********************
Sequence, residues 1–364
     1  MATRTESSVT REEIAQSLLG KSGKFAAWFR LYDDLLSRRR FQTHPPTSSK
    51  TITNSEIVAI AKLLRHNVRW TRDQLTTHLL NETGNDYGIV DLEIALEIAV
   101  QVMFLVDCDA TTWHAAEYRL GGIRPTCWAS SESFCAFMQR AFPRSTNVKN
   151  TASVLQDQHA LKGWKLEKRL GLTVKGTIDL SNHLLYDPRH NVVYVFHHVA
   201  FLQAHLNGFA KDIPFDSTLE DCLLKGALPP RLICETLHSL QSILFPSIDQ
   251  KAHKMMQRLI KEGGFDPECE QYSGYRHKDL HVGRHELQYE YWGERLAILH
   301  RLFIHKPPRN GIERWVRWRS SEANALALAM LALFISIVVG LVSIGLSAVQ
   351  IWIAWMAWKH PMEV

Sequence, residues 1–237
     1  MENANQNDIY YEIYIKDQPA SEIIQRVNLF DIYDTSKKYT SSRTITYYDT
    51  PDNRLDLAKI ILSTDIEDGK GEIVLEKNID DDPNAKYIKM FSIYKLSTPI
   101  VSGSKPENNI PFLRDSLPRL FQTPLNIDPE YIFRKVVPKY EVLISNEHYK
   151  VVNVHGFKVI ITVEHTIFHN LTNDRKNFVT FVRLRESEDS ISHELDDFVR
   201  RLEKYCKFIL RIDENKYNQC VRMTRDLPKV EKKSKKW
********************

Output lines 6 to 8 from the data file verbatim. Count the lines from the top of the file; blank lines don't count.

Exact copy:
   201  FLQAHLNGFA KDIPFDSTLE DCLLKGALPP RLICETLHSL QSILFPSIDQ
   251  KAHKMMQRLI KEGGFDPECE QYSGYRHKDL HVGRHELQYE YWGERLAILH
   301  RLFIHKPPRN GIERWVRWRS SEANALALAM LALFISIVVG LVSIGLSAVQ